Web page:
Polkadot1 ThumbThis dairy distributor is growing again by refocusing on its foundation: high quality products at fair prices, delivered with outstanding service. After 56 years in business, Polka Dot Dairy is exhibiting great adaptability to business in the 21st century. This family-owned dairy distribution company, which went live with its first Web site a few weeks ago, is picking up speed.

Four years ago, Polka Dot was a very different company. It had a retail division in the form of several Tom Thumb c-stores that the company’s founder, Wally Pettit, originally opened as somewhere to sell his milk. The chain grew quickly, but in the late 1990s, it suffered as the market changed. Big-box discounters moved into the area, and larger grocery stores began to stay open later, on Sundays, and on holidays. The competitive advantages Tom Thumb had capitalized on disappeared, and the chain eventually went bankrupt.

At about that time, Wally’s children Joel Pettit, Patrick Pettit, and Brenda Fahey took over day-to-day operations. Joel Pettit described the process of dismantling the Tom Thumb chain and switching the business over to wholesale as a long divorce.

“Tom Thumb was run separately from our distribution business, but that’s not to say the two were not intimately intertwined,” he said. “It’s been a long few years getting out from under that, but we’re up and running now.”

New look

Polka Dot is one of the leading dairy suppliers to mid-sized, independent grocery and convenience stores in Minnesota and Western Wisconsin, distributing milk, cheese, cream, cottage cheese, and fruit punch. It also distributes Tropicana orange juice and Nesquik chocolate milk for those companies,  as well as yogurt, sour cream, and cottage cheese under the label Old Home.

For its own line of products, Polka Dot launched a new label this year featuring an updated rendering of its signature character, Dotty the Cow. Pettit said the last time the company updated the label was close to 20 years ago. Previously, Polka Dot milk had only one label, on the front of the bottle, which didn’t provide enough space for nutritional information, never mind any color or illustration.

“We spent some money to have the label designed because we wanted to dress our milk up a little,” he explained. “We wanted a bright label, but we wanted to keep the vintage look to signify our history and because Dotty is well known around here.”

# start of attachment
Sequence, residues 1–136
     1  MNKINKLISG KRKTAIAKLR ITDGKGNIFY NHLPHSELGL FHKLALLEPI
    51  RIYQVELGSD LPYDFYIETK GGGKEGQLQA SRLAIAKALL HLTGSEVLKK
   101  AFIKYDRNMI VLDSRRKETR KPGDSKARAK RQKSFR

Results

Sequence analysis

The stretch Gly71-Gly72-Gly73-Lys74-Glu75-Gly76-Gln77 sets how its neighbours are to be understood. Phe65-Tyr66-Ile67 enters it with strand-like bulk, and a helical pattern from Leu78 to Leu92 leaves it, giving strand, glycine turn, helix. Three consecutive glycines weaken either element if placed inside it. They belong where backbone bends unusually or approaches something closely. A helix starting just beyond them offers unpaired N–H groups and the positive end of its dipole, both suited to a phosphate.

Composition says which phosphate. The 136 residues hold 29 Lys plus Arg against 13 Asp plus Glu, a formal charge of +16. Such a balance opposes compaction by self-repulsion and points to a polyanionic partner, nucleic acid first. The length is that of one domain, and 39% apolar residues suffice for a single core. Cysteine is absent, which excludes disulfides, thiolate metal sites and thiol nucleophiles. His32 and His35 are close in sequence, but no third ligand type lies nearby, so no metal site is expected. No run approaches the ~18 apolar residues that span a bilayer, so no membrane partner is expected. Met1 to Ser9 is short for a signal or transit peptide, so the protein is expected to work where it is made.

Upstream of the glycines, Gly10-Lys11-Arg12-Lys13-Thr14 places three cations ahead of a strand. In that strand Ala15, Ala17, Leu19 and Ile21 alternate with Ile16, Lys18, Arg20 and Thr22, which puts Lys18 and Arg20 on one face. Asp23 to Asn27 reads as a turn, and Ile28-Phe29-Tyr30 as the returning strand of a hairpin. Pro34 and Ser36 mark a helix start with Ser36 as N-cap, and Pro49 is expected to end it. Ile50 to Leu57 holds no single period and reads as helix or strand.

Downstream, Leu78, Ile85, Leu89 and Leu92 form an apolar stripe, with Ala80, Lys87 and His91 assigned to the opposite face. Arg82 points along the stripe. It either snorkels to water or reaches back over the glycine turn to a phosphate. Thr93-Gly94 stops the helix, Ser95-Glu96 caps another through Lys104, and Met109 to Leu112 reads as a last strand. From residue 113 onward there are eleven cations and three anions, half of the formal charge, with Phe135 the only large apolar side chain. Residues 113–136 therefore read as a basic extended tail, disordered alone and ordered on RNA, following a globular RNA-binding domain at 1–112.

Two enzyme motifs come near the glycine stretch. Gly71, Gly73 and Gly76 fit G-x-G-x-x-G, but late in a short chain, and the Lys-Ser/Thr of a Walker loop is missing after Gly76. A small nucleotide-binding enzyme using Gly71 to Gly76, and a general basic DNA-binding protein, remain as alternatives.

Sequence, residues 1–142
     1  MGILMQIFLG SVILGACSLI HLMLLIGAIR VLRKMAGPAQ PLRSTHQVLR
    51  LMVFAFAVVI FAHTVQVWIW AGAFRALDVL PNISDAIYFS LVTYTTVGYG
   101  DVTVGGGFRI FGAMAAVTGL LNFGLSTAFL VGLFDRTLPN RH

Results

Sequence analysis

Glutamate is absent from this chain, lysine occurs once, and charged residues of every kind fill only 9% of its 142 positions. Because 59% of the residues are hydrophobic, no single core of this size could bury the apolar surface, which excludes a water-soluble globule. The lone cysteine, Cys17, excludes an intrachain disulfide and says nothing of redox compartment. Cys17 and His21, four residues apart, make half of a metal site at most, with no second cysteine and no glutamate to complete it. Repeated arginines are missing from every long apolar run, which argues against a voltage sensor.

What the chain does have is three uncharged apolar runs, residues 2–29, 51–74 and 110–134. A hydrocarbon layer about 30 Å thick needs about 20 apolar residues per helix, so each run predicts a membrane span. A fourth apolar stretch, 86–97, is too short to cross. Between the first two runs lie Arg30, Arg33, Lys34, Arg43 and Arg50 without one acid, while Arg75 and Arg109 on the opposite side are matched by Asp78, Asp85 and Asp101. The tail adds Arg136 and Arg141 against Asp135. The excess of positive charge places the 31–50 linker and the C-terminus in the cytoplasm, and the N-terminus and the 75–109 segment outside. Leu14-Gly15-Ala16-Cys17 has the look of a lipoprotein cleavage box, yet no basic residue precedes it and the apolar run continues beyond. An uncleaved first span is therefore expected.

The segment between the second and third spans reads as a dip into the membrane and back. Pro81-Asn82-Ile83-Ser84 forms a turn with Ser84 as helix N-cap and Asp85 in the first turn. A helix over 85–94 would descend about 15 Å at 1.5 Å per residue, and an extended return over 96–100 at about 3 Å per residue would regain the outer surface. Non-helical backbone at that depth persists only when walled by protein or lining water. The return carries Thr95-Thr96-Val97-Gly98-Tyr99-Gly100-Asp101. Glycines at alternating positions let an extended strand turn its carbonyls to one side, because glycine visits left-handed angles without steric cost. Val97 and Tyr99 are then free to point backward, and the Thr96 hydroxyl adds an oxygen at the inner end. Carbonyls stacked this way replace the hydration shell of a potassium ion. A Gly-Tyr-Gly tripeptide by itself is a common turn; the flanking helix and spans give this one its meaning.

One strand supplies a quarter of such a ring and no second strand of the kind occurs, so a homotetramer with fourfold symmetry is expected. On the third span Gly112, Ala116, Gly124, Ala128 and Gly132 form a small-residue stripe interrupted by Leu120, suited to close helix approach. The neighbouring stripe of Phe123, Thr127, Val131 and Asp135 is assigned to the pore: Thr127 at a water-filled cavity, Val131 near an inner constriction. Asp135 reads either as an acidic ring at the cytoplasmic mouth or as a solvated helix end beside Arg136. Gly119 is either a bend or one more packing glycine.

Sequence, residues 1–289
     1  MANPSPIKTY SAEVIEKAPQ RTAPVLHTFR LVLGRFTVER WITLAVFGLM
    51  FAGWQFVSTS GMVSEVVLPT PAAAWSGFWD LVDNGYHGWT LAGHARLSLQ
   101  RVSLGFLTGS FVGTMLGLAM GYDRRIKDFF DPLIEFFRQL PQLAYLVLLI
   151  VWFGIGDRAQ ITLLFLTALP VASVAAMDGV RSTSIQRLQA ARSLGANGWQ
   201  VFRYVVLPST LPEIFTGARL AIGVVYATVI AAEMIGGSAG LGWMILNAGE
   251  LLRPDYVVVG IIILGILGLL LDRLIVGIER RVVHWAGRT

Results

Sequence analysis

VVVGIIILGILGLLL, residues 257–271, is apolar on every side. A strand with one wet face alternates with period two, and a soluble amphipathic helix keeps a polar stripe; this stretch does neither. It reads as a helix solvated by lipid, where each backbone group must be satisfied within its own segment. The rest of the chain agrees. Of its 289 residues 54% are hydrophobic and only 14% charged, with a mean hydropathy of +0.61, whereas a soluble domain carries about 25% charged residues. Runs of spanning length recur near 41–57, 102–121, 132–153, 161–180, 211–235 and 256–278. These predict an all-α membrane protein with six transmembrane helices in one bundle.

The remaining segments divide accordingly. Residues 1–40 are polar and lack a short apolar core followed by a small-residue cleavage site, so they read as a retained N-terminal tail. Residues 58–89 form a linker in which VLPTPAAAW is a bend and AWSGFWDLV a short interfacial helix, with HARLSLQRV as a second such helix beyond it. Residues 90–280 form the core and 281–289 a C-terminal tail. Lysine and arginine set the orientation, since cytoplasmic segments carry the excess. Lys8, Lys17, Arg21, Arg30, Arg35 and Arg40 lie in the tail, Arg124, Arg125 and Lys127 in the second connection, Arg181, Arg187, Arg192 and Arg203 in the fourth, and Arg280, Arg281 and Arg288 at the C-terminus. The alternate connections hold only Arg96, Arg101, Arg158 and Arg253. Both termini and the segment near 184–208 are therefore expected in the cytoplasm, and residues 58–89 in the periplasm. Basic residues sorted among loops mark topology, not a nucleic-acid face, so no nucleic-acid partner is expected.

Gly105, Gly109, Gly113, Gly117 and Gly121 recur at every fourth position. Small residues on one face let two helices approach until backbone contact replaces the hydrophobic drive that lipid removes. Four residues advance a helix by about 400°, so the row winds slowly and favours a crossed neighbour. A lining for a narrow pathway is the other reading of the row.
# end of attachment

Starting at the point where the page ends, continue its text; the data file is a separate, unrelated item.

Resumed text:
It took several months to finalize the design, but as of August, the entire line is sporting it on shelves in more than 400 locations surrounding Minneapolis, Minn. The new label design also distinguishes Polka Dot’s main brand from its generic brand, which will continue to use one label.

To accompany the new look, Polka Dot is launching its first-ever marketing campaign and Web site. Pettit was quick to emphasize that the company is experimenting and that more targeted marketing efforts, as well as e-marketing strategies, are to come. Currently, the company has a package with the local Fox Sports affiliate, which Pettit said is paying off beyond their expectations.

“We’re are just getting our feet wet and learning as we go. We knew we needed to do something, so we’re going with what feels good and developing a more strategic, long-term plan in the meantime,” said Pettit.

The Web site went live a few weeks ago as a simple informational tool centered on the new logo. It includes a list of products and a list of stores to buy them from, as well contact information and an About Us section highlighting Polka Dot’s tradition of family focus. Eventually, Pettit said the site will include quote request and online ordering capabilities.

The ultimate goal of these marketing efforts, Pettit said, was to break into the many larger independent grocery stores and chains in the region. He said most are too small to get attention from the big dairy companies, but in rural Minnesota, they are where people shop for food, and they appreciate local, low-cost dairy products.

“At first, we tried the schmoozing that larger distributors do, the baseball tickets and wining and dining, but all that does is drive up our costs. Everyone is focused on price these days, so we get more attention for providing high-quality at the lowest price possible,” said Pettit.

The strategy is paying off: Polka Dot recently began servicing a 53-store chain, which in part fueled the company’s recent investment in four new trucks. The company has been using a fleet of older, standard trucks that were not in line with new emissions standards that call for greater bio-diesel content and were insufficient to cope with more orders.

Pettit said distributors everywhere are investing in newer trucks to keep up with the new standards but added that the new trucks also have four different colored cabs, making the fleet look larger than it is. These trucks don’t yet incorporate the company’s new logo, but Pettit said he is fine with that. “It’s expensive to change all our materials at one time, and our old logo still carries a lot of weight around here. We’re looking at buying so more trucks in the next few years, and they’ll have the new artwork.”

He emphasized that he and his siblings are taking on the 21st century one day at a time because Polka Dot has operated for so long without today’s practices and technology; when Pettit’s father started the company, most of the technology people take for granted today wasn’t even a thought.

“We’re trying new things just to try them, which sounds naïve and perhaps it is,” said Pettit. “But we’re in a unique position: we have more than 50 years of experience in this market and in dairy distribution, but we have the feel of a brand-new start up with world of opportunities ahead of us.”

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